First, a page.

Seriously…what’s the deal with babies?! Image via Sundance

Obvious Child has been labeled as “that abortion movie,” which is the equivalent of labeling Trainspotting as “that heroin movie.” Obvious Child is not a film about a controversial topic, it is a film about people dealing with issues and, well, being people.

Obvious Child is the feature film debut of writer-director Gillian Robespierre who, despite sharing the last name of an evil historical figure, has a gentle touch in dealing with tough and sensitive issues. Sometimes, Obvious Child feels so naturalistic that it resembles something that is not even a film at all. It tells the story of Donna Stern (Jenny Slate), a Jewish comedian (I have to point this out, given that this movie is Cultural Judaism incarnate) going through a millennial crisis, which is a midlife crisis that somebody in their 20s might go through. Her stand-up is funny and honest, yet it isn’t getting her much work.

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Netflix Does Late Night, Louie, 22 Jump Street

Episode 14: In the latest episode, Ian and Cassie discuss the most recent late night shakeup following Chelsea Handler’s move to Netflix. Plus, a recap of season four of Louie, a review of 22 Jump Street, and new Ben & Jerry’s ice cream flavors!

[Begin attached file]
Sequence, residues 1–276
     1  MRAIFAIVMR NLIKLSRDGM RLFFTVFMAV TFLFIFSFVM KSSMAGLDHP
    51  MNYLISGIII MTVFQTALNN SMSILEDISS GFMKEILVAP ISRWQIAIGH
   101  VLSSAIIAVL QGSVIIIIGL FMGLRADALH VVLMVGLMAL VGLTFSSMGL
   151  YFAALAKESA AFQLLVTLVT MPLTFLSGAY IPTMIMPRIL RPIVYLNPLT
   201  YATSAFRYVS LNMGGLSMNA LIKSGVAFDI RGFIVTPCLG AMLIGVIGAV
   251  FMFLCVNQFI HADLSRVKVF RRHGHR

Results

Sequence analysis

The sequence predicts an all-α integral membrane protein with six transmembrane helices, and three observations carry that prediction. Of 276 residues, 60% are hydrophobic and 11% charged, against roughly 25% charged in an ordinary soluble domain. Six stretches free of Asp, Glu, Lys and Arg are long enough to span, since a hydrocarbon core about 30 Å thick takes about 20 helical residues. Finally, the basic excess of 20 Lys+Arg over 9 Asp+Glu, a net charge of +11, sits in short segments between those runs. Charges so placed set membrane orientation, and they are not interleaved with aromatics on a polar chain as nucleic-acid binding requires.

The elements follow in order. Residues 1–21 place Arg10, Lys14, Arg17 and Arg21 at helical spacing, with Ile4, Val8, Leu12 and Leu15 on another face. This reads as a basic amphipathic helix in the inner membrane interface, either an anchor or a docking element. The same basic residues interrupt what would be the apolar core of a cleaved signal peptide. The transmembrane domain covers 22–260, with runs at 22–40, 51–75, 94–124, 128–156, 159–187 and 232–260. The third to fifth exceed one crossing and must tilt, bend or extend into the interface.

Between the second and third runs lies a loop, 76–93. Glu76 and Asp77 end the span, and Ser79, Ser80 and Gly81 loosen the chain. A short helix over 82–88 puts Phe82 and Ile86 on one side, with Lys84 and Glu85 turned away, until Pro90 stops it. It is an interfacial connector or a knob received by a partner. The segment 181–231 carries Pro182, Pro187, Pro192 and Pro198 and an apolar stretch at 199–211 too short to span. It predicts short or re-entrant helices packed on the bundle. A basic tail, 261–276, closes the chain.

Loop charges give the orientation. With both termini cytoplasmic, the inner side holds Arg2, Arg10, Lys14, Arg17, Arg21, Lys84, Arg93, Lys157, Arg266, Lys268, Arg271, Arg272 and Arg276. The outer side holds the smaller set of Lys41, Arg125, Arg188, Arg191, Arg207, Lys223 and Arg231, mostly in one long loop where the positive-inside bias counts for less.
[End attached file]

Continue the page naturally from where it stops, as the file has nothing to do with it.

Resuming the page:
A Helpful Guide to the Most Memorable Dogs in Cinema

The Sandlot

Image via The Next Reel

In a recent interview on Fresh Air, Joel and Ethan Coen said they would rather work with dogs than cats, because dogs “just want to please people” while cats “just want to please themselves.” Perhaps this is why dogs make the best supporting players, both in movies and real life.

Besides monkeys, dogs are probably the best movie characters to come out of the animal kingdom. Sure, they can’t read any dialogue, but sometimes they can steal the show with a well-timed reaction shot, or a ridiculous outfit. Get it? They are wearing clothes! Animals aren’t supposed to wear clothes! What a world!

Anyway, I thought it was about time that man’s favorite four-legged friend got some recognition, because they will never get to win an Academy Award. Before I present my list, here are some important ground rules: